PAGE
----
United nations educational, scientific and cultural organization convention concerning the protection of the world


STATE OF CONSERVATION OF PROPERTIES INSCRIBED ON THE LIST OF WORLD HERITAGE IN DANGER AND ON THE WORLD HERITAGE LIST



Download 1.36 Mb.
Page16/26
Date31.05.2016
Size1.36 Mb.
1   ...   12   13   14   15   16   17   18   19   ...   26

21 STATE OF CONSERVATION OF PROPERTIES INSCRIBED ON THE LIST OF WORLD HERITAGE IN DANGER AND ON THE WORLD HERITAGE LIST




21(a) STATE OF CONSERVATION OF PROPERTIES INSCRIBED ON THE LIST OF WORLD HERITAGE IN DANGER



Document: WHC-02/CONF.202/18
NATURAL HERITAGE
1. The Secretariat informed the Committee that reports on only 12 of the 19 natural properties inscribed on the List of World Heritage in Danger would be presented to the Committee. For the other seven properties no new information was available due to the shortness of time since the twenty-fifth session of the Committee (December 2001).
Srebarna Nature Reserve (Bulgaria)
1. The representative of IUCN highlighted the improved state of conservation of the property as a success story of the World Heritage Convention.
2. The Chairperson noted the Committee's consensus and declared the draft decision adopted (decision 26 COM 21(a)1).

World Heritage sites of the Democratic Republic of the Congo (DRC)
Virunga National Park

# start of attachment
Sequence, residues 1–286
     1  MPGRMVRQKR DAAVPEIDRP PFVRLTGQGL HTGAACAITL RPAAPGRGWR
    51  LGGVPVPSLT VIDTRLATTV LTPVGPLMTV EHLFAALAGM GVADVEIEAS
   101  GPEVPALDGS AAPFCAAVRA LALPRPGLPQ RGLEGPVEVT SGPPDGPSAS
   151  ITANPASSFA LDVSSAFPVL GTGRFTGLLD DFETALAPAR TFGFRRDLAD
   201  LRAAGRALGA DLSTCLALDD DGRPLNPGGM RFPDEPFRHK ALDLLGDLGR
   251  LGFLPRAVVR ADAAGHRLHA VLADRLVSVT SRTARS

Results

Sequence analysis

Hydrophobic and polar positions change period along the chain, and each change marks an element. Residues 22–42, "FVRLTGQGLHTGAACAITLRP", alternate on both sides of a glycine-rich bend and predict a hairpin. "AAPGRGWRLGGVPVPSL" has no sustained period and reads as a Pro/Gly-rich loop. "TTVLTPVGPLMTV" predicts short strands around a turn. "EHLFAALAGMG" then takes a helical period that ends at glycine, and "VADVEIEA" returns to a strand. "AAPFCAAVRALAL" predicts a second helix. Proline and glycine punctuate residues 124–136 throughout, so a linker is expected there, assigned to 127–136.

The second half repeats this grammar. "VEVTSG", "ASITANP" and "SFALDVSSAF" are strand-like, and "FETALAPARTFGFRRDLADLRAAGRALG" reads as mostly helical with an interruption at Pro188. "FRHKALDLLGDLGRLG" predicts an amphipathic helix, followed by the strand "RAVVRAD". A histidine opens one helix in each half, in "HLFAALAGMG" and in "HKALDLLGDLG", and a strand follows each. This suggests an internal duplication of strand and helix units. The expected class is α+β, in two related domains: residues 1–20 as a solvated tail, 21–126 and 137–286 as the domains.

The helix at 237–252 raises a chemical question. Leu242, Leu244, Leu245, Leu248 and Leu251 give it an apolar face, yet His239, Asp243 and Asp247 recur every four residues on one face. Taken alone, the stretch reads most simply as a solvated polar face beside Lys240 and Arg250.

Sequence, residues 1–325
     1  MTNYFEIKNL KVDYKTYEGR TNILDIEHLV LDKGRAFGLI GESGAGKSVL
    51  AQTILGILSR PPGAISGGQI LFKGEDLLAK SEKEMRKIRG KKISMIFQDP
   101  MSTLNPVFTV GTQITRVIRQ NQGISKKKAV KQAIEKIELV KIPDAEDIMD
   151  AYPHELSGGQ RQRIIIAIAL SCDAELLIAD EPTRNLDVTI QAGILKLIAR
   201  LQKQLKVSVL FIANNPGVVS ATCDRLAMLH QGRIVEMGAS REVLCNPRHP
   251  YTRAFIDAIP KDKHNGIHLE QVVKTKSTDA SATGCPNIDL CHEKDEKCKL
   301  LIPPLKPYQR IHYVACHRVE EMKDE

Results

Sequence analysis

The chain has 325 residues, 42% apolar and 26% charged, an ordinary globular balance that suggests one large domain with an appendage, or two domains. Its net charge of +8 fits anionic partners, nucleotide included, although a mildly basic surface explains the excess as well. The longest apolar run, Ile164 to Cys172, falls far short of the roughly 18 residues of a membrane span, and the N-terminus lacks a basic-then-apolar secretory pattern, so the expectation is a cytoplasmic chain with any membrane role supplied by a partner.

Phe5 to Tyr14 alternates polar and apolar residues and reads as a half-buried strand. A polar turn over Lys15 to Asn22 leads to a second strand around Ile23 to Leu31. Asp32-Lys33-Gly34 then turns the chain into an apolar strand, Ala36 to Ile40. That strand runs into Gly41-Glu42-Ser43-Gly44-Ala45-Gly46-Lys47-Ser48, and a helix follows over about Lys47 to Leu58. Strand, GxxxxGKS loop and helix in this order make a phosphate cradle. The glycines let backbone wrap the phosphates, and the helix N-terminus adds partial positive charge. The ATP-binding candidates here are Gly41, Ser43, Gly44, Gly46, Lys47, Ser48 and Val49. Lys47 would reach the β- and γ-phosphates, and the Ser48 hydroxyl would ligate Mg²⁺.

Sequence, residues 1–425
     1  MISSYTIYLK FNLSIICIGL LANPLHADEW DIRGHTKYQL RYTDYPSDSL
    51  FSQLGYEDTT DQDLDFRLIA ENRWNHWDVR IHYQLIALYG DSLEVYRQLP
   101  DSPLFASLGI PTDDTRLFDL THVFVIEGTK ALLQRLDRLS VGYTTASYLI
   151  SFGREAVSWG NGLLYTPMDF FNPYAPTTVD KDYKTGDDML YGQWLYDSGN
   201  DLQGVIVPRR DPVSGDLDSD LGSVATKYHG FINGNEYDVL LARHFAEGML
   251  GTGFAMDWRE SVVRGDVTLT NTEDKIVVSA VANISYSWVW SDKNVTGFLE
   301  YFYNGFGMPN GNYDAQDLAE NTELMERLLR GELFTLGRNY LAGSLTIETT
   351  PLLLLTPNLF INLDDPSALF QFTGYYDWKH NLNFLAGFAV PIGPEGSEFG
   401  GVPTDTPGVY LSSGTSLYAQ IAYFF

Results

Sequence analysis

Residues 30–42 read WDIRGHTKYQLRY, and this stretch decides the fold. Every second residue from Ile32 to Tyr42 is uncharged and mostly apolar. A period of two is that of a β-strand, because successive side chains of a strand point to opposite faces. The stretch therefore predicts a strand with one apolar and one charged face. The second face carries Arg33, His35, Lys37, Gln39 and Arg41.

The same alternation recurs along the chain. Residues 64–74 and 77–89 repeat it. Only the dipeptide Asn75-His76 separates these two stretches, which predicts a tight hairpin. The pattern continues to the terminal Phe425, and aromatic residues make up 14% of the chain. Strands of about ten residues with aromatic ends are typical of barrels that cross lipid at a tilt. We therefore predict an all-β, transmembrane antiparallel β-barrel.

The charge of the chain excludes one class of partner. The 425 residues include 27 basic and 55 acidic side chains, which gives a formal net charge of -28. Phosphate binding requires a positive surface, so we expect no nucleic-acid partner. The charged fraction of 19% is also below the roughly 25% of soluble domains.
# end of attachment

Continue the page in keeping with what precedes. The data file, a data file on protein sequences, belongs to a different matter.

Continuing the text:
Garamba National Park

Kahuzi-Biega National Park

Okapi Wildlife Reserve

Salonga National Park
1. The Secretariat highlighted its major concern about encroachments and what appear to be planned settlements in the south of Virunga National Park.
2. The Delegate of Zimbabwe commented on the worsening of the situation at Virunga National Park due to human and natural causes. He expressed his regret that the visit of the Director-General of UNESCO to the DRC had been postponed to 2003. He expressed his concern that the situation at Virunga was worsening at a fast rate. He said that this was cause for very serious concern by the Committee and called for more rapid action. He asked whether administrative problems relating to project management at Kahuzi-Biega National Park had been resolved.
3. The Delegate of Nigeria noted that the situation in the DRC was of very serious concern and that action should be taken immediately. He asked whether any funds had been committed by UNESCO following the disaster in Goma and expressed regret that the Director-General of UNESCO had not yet been able to visit the DRC.
4. The Delegate of Belgium acknowledged the extreme difficulties in the DRC and the importance of conservation action and for the Director-General to visit the country. He suggested that other dignitaries could also visit the country and also negotiate and mediate with neighbouring countries through diplomatic channels to ensure respect of the World Heritage properties. He also asked whether there might be other ways to raise international awareness of the conservation needs at the World Heritage sites in the DRC.